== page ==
The cork is placed in the pump then placed over the tape, being careful not to seal the tape, and pull a few strokes on the pump to remove some air from the tin. The MC pie tine I used actually began to collapse a bit. When done pumping, slide the cork to the side to seal the tape around the hole.

Step 10: Take a Look.

Picture of Take a Look.

You should see a distinct curvature in the foil. Notice the grain on the foil.
If you can get polished foil, you'll get much better results.
I once used the plain side of an aluminized mylar balloon, it worked beautifully and could actually cast images from the outside onto a wall by a window. Mylar leaks air more than aluminum.

Step 11: Check the Focus.

Picture of Check the Focus.

Be Careful. The focal area is intensely bright and hot.
I did this several years back and obtained such a tight focus that a piece of wood I held in the focal point burst into flame in about 15 seconds.

That's it.

I have a snow disc hanging out in the garage.
When I get the time.


morsed2 (author)2016-04-27

I want to say its a great instructable. But everyone else has already said it. How about it's better that great?

One quick question, do you know if the concave form is a parabola?

I have added it to my fav's and collections and may try to make it in a couple of days.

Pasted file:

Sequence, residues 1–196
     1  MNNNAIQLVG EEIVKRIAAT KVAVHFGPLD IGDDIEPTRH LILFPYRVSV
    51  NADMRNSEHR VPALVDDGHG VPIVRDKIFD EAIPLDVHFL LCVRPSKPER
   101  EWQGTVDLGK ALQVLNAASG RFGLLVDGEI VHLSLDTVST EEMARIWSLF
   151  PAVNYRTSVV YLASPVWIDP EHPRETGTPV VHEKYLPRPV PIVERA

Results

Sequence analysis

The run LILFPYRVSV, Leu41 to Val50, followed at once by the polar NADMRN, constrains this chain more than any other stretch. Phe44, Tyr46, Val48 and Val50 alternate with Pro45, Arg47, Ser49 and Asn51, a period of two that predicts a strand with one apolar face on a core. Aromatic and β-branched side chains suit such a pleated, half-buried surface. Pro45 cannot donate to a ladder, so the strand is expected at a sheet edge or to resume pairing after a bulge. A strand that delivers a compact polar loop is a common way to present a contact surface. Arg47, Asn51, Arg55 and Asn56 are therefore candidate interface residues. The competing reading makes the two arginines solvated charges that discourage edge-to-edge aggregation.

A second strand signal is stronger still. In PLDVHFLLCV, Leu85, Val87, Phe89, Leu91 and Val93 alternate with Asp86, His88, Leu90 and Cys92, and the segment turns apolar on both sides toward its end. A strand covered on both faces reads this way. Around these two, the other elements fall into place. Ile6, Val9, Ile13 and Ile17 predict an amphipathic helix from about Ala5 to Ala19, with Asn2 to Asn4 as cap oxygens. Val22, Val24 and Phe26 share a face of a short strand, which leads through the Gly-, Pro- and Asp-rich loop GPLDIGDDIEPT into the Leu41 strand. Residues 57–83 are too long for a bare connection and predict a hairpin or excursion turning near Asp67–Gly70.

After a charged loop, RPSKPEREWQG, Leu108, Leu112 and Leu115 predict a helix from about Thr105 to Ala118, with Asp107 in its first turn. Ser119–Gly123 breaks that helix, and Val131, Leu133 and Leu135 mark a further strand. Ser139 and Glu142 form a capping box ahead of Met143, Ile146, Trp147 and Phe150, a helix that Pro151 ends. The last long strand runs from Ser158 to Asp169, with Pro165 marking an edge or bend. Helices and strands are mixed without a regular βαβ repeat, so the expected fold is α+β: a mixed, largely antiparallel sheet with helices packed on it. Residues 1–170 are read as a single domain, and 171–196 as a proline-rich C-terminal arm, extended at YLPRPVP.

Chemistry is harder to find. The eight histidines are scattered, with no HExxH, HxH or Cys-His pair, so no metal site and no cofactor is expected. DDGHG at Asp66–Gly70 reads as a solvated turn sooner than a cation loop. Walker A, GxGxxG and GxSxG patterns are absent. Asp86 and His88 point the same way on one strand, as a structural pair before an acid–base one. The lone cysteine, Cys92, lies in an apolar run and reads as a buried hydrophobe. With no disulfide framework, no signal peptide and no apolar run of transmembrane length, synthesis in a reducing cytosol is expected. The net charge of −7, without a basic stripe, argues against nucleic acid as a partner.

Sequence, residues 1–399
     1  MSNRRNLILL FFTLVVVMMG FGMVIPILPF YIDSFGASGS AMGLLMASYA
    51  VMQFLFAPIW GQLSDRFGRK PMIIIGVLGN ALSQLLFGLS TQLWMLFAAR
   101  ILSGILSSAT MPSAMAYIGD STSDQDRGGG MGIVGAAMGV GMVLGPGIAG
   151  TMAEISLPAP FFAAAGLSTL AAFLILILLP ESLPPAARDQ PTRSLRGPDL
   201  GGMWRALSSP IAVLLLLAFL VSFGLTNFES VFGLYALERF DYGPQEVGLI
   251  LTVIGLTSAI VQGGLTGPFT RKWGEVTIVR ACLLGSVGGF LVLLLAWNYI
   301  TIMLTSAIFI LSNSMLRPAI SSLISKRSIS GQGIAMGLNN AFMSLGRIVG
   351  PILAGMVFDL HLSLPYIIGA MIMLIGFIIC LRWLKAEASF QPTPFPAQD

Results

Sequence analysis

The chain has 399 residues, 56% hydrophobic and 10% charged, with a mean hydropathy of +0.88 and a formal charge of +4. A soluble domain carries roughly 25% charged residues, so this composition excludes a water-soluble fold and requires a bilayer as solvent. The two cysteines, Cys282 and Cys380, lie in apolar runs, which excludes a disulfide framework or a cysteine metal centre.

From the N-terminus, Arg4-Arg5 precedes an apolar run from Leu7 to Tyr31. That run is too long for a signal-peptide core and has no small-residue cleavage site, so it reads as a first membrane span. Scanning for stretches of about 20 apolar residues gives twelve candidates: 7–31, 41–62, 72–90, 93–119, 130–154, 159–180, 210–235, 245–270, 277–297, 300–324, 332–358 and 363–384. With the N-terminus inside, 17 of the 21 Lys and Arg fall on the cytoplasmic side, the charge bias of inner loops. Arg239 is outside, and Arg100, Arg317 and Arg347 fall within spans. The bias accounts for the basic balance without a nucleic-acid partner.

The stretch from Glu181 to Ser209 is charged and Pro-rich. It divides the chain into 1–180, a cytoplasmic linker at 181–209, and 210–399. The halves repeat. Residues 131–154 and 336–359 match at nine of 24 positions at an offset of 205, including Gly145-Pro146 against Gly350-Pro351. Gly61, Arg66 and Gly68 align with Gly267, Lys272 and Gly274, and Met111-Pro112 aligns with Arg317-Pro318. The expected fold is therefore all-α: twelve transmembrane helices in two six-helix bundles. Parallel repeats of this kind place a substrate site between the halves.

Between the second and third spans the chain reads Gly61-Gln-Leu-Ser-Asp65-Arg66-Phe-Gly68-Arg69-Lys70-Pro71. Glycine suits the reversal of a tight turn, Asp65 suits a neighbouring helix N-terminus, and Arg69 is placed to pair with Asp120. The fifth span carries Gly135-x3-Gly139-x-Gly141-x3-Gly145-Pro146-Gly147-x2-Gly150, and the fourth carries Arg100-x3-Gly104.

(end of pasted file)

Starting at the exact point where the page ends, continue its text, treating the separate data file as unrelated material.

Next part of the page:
Thanks for taking the time to document this instructable.


Sam Grove (author)morsed22016-04-27

It's a spherical section as the pressure difference is equal over the surface.

piaferre (author)2010-12-10

this is GREAT!

renuka (author)2010-05-05

this info needs to be more helpfull its lame lame lame

godofal (author)2010-03-13

how about using this with a regular 12 volt solar panel?
would that couse any damage to the panel?

Sam Grove (author)godofal2010-03-13

If you mount it so the focal point does not fall on the solar panel, why not?
You'd want the concentrated sunlight to cover the entire solar panel.

Kiteman (author)2007-05-19

Nice. I wonder if it would work with tougher plastic film, sprayed silver? That would last longer before you accidentally crush it.

Sam Grove (author)Kiteman2007-05-19

Aluminized mylar works very well. I discussed this in one of the steps. I have some very wide aluminized mylar out in my garage which I want to install on a snow disc. I wanted to get this published before I attended the Maker Fair in San Mateo county today

macrumpton (author)Sam Grove2009-08-10 has mirrored vinyl and mylar up to 52" wide for a reasonable price.

regularbasscase (author)2007-07-26

I'm thinking emergency blanket and a childs wading pool.

You're thinking of the aluminized mylar sheet that can be used as survival gear. Yes, as long as it is free of pinholes or cracks. The child's wading pool is another matter. You will be able to evacuate some air, but it may be susceptable to buckling if you try to take too much out. Snow discs are much sturdier.

macrumpton (author)Sam Grove2009-08-10